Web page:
How can policy makers in sub-Saharan Africa make early warning systems more effective? The case of Uganda

Lumbroso, D. (2018) How can policy makers in sub-Saharan Africa make early warning systems more effective? The case of Uganda. International Journal of Disaster Risk Reduction, 27. pp. 530-540.

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Abstract

Sub-Saharan Africa is affected by three main weather-related hazards: floods, droughts, and tropical cyclones. Effective early warning systems (EWSs) can reduce the risks posed by these hazards. There have been numerous EWSs set up throughout Africa; however, work out to assess their effectiveness has been limited. This paper covers sub-Saharan Africa using Uganda as a case study. Recently in Uganda there has been a proliferation of EWSs targeted at various beneficiaries. Engagement with a range of stakeholders via an internet-based survey and interviews in Uganda and the rest of sub-Saharan Africa found that EWSs often do not communicate hazards well to vulnerable communities or reduce their impacts at a local level. There are numerous barriers to providing effective warnings. In many sub-Saharan African countries EWSs are not sufficiently budgeted for by the government despite the benefits that can be realised. In Uganda EWSs and the hydro-meteorological networks on which they often rely are underfunded, a situation that is mirrored throughout Africa. This can lead to an absence of confidence in EWSs, meaning that stakeholders do not use formal thresholds to provide triggers for early action. For EWSs in Uganda and the rest of Africa to be effective they need to have not only a strong scientific and technical basis, but also a strong focus on the people at risk and governments need to set aside sufficient funding to ensure that as a minimum their recurrent costs are covered, which currently is not generally the case.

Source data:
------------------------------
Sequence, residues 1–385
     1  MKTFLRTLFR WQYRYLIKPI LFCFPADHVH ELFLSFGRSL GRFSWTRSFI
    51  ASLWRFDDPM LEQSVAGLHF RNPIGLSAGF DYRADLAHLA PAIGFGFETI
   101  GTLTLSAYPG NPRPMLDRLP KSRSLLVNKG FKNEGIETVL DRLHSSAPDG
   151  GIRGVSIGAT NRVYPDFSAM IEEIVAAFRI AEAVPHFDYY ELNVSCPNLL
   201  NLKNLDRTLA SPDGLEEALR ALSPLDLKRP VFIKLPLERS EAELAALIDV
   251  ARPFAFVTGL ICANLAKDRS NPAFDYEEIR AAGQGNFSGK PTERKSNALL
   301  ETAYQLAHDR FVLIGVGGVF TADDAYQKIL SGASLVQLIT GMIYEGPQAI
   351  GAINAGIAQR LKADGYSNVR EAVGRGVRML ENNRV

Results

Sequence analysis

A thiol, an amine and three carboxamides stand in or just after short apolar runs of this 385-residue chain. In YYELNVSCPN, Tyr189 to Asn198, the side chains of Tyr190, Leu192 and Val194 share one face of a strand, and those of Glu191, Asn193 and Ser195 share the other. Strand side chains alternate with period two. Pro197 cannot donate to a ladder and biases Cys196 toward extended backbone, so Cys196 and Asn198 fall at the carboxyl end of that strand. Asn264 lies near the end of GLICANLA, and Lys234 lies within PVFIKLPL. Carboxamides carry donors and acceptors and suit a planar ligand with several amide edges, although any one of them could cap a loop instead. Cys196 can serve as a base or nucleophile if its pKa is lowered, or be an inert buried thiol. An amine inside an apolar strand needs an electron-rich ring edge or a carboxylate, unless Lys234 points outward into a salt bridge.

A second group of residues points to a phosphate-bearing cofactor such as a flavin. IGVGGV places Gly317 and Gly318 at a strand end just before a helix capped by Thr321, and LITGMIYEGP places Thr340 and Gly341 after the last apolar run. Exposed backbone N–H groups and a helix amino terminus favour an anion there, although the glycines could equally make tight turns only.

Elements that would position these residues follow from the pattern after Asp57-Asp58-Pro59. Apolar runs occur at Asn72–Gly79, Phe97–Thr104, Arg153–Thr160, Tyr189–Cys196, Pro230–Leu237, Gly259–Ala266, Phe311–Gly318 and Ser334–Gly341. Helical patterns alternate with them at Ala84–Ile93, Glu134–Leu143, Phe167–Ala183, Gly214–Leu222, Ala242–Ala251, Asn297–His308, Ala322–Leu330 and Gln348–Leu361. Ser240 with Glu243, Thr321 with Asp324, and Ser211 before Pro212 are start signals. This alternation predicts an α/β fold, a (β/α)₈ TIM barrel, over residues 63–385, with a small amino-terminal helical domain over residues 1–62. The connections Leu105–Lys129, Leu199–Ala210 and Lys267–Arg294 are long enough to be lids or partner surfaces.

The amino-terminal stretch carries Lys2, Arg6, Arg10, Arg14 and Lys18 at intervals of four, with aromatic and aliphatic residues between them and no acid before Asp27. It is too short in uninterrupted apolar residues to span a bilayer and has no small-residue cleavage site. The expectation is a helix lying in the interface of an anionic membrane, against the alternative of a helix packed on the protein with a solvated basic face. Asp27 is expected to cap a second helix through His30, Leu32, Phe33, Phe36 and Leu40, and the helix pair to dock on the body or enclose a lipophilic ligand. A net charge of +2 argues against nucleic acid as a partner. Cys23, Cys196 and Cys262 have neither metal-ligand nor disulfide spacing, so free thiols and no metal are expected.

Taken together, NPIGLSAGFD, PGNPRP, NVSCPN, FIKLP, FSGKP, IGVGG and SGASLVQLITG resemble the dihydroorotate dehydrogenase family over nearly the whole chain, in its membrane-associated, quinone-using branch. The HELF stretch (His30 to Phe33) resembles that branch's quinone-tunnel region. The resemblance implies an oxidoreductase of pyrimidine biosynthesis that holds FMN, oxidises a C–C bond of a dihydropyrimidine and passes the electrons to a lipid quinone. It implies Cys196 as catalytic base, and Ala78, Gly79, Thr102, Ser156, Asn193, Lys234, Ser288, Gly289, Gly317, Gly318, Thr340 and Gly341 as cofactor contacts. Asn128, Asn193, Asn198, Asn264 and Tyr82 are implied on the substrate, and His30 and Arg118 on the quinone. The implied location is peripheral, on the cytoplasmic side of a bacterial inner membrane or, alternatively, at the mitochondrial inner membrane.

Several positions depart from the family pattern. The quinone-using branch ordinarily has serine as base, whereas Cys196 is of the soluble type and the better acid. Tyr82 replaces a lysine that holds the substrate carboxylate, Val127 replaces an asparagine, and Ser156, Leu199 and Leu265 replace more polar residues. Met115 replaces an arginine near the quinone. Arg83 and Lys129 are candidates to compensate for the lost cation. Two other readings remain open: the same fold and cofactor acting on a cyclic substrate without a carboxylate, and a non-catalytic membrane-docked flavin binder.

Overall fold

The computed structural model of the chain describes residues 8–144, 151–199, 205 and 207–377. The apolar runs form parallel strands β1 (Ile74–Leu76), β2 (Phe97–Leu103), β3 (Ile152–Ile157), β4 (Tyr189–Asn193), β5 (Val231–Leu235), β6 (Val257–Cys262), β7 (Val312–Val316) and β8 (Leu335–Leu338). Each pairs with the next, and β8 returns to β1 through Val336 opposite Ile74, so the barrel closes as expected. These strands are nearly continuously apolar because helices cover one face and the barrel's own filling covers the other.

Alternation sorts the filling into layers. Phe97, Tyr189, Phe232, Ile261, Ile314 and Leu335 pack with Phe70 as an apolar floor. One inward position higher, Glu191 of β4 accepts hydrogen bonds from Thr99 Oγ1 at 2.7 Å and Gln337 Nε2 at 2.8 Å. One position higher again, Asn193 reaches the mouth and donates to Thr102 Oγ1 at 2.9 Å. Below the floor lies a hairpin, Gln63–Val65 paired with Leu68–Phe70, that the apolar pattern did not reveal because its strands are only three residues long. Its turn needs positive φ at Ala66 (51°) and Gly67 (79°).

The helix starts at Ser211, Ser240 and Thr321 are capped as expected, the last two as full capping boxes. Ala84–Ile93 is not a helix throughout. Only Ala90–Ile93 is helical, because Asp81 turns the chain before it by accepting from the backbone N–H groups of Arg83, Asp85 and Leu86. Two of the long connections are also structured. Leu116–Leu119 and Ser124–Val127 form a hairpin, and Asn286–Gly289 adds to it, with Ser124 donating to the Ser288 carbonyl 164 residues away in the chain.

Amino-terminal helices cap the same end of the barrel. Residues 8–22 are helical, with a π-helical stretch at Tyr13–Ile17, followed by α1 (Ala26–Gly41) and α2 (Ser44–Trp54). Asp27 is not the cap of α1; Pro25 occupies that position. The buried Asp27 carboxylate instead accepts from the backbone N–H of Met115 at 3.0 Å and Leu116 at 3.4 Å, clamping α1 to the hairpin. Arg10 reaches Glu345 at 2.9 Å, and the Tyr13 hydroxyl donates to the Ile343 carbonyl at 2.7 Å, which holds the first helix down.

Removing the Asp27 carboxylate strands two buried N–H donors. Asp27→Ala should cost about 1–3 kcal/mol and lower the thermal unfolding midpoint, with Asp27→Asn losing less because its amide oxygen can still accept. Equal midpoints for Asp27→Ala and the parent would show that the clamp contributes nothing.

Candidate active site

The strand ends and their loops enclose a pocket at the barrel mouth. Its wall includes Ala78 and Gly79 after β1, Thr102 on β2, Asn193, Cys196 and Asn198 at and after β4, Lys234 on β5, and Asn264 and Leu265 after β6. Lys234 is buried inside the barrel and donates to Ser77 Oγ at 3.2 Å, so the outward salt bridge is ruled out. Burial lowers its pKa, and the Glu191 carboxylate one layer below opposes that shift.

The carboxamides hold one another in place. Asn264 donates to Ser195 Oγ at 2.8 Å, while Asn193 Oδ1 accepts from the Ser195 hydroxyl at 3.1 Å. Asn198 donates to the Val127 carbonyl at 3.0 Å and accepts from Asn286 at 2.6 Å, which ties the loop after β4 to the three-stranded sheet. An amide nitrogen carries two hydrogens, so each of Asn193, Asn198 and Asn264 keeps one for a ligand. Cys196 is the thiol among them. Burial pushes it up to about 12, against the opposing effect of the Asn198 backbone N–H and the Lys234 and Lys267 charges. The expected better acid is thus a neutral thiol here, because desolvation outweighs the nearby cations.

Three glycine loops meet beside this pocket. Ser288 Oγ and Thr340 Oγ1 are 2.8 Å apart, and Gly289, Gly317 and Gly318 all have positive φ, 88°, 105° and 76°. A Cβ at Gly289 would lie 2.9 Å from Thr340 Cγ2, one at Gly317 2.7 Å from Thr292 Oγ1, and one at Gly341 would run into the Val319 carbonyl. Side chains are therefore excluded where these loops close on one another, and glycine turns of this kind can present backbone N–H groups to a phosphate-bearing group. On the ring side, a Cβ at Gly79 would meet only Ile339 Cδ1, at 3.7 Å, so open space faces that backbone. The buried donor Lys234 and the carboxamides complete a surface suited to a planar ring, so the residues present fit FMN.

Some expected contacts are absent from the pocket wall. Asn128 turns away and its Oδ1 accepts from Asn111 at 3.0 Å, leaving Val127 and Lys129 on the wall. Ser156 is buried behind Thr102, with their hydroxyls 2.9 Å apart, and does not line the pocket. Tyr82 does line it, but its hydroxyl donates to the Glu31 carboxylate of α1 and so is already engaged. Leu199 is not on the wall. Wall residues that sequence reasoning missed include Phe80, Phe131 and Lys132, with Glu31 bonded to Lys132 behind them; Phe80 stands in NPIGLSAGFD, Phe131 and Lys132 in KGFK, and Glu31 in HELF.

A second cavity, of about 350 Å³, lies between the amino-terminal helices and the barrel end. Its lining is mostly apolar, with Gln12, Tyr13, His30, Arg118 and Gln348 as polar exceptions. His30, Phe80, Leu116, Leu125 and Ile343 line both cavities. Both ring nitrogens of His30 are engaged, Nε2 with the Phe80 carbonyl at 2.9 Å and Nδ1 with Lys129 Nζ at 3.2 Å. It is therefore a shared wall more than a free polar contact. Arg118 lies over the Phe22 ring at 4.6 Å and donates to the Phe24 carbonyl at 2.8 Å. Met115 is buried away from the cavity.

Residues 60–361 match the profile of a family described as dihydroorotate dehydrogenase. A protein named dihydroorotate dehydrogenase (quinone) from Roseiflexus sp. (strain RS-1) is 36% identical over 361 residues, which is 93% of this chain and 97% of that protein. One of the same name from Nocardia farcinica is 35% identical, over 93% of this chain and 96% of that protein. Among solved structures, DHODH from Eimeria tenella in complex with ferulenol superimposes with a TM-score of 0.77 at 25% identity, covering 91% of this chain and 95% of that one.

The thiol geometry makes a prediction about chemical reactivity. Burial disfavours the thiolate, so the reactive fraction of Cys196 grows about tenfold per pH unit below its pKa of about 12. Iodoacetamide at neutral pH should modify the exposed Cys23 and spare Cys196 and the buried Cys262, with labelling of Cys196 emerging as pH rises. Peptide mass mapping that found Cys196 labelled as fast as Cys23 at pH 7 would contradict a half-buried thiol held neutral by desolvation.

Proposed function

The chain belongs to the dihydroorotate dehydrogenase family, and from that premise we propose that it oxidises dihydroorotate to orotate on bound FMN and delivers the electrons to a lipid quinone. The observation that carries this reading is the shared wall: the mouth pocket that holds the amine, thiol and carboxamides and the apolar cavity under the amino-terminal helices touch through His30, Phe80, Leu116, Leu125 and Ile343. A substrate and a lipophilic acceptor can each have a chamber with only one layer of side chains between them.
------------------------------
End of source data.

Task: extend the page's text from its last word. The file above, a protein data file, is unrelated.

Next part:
Item Type: Article
Subjects: Floods > General
Divisions: Floods
Depositing User: Unnamed user with email i.services@hrwallingford.com
Date Deposited: 02 Apr 2020 09:53
Last Modified: 02 Apr 2020 09:53
URI: http://eprints.hrwallingford.com/id/eprint/1304

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